Academic Year 2023/2024

  • Docente: Ugo Dal Lago
  • Credits: 6
  • SSD: INF/01
  • Language: Italian
  • Teaching Mode: Traditional lectures
  • Campus: Bologna
  • Corso: Second cycle degree programme (LM) in Artificial Intelligence (cod. 9063)

    Also valid for Second cycle degree programme (LM) in Computer Science (cod. 5898)

Learning outcomes

At the end of the course, the student knows the basics of modern cryptography and some techniques for the analysis of security protocols. He or she can verify the absence of security bugs on simple protocols.

Course contents

This course deals with some fundamental notions on modern cryptography and some techniques for the formal verification of cryptographic protocols. In addition to many new concepts, we discuss some cryptographic techniques already seen in previous courses, studying the most interesting properties . The main emphasis of this course is on the theoretical aspects of cryptography: it attempts to give a clear and accurate account on security, in order to give students the tools to assess (and not just to use) cryptographic techniques . In other words, we focus a lot on the "why" maybe putting the "how" behind the scenes. More specifically, we seek to answer questions such as the following: when a cryptographic technique can be consider safe? Is it possible to formally prove that a cryptographic technique is secure ? Is it possible to analyze the security of a cryptographic protocol in an automatic or semi-automatic way?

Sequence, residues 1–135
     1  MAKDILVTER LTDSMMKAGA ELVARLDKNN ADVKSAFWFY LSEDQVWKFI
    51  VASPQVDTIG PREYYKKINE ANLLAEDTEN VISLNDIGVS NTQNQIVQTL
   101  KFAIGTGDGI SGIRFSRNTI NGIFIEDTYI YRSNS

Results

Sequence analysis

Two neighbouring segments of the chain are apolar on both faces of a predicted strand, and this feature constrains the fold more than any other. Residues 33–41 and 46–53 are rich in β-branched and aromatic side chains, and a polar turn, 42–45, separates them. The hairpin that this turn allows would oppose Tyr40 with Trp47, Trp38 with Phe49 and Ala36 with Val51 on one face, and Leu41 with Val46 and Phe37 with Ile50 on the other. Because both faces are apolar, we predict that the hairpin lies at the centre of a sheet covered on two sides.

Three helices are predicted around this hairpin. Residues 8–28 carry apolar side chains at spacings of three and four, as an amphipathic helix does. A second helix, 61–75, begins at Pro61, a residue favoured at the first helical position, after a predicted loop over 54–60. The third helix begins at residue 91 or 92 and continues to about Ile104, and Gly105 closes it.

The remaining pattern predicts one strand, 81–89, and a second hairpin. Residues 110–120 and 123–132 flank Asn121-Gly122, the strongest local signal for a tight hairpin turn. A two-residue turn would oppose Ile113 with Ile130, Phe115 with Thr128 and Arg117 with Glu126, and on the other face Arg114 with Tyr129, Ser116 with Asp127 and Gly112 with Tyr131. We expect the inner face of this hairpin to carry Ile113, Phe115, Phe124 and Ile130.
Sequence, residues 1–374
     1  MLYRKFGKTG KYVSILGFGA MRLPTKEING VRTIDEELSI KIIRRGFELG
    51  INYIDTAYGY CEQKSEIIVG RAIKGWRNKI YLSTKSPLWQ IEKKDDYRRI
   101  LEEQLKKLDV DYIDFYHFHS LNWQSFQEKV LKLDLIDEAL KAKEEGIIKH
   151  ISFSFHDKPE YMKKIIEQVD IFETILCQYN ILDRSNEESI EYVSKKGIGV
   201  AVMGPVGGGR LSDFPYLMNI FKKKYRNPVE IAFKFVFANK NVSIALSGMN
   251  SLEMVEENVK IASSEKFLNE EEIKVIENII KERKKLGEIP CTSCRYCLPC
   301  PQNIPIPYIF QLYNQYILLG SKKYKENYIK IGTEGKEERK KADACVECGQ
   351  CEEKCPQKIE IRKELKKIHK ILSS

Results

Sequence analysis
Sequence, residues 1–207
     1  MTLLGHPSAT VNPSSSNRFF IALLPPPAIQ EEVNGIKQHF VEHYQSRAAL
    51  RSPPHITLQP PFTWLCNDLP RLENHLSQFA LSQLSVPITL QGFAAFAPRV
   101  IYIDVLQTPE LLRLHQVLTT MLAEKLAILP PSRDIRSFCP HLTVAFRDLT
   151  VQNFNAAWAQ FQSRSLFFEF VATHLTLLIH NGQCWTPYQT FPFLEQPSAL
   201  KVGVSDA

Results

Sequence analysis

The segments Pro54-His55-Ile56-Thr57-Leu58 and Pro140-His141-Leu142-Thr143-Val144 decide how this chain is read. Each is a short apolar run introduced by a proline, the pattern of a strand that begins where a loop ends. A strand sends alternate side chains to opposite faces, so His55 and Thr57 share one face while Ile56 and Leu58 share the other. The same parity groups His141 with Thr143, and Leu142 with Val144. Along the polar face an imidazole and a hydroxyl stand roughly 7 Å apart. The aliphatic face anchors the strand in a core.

The addressed topics will be the following ones:

  • Perfect Security
  • Private-key Encryption Schemes and Pseudorandomness
  • Message Authenticating Codes.
  • Block Ciphers: DES and AES.
  • One-Way Functions and Pseudorandomness
  • Assumptions from Number Theory and Algebra
  • The Public-Key Revolution
  • Public-key Encryption Schemes
  • The Symbolic Model.


[1] J. Katz and Y. Lindell. Introduction to Modern Cryptography. Chapman & Hall, 2007.
[2] O. Goldreich. Foundations of Cryptography I: Basic Tools. Cambridge University Press, 2001.
[3] O. Goldreich. Foundations of Cryptography II: Basic Applications. Cambridge University Press, 2004.
[4] D. R. Stinson. Cryptography: theory and practice. Chapman & Hall, Third Edition, 2006.
[5] J. A. Buchmann. Introduction to Cryptography. Springer, Second Edition, 2004.
[6] M. Abadi. Security Protocols: Principles and Calculi. Foundations of Security Analysis and Design IV, FOSAD 2006/2007 Tutorial Lectures, Springer-Verlag (2007), 1-23.
[7] M. Abadi and P. Rogaway. Reconciling Two Views of Cryptography. Journal of Cryptology 15(2), 103-127 (2002).
[8] B. Blanchet. An Efficient Cryptographic Protocol Verifier Based on Prolog Rules. 14th IEEE Computer Security Foundations Workshop (CSFW-14), pages 82-96, Cape Breton, Nova Scotia, Canada, June 2001. IEEE Computer Society.
[9] B. Blanchet. ProVerif. Automatic Cryptographic Protocol Verifier. User Manual.

Teaching methods


Assessment methods

There are two different ways to pass the course:

  • It is possible, during the course, to carry out three homework assignments, which must normally be delivered one week after being published online. In this case, at the end of the course, the student will have to take a simple oral test and the mark will be obtained by adjusting the marks of the three homeworks.
  • It is also possible, in particular for non-attending students, to simply take an oral exam without doing any homework. This oral exam will focus on the entire program.

Teaching tools

Slides of this course will be made available to students.

Office hours

See the website of Ugo Dal Lago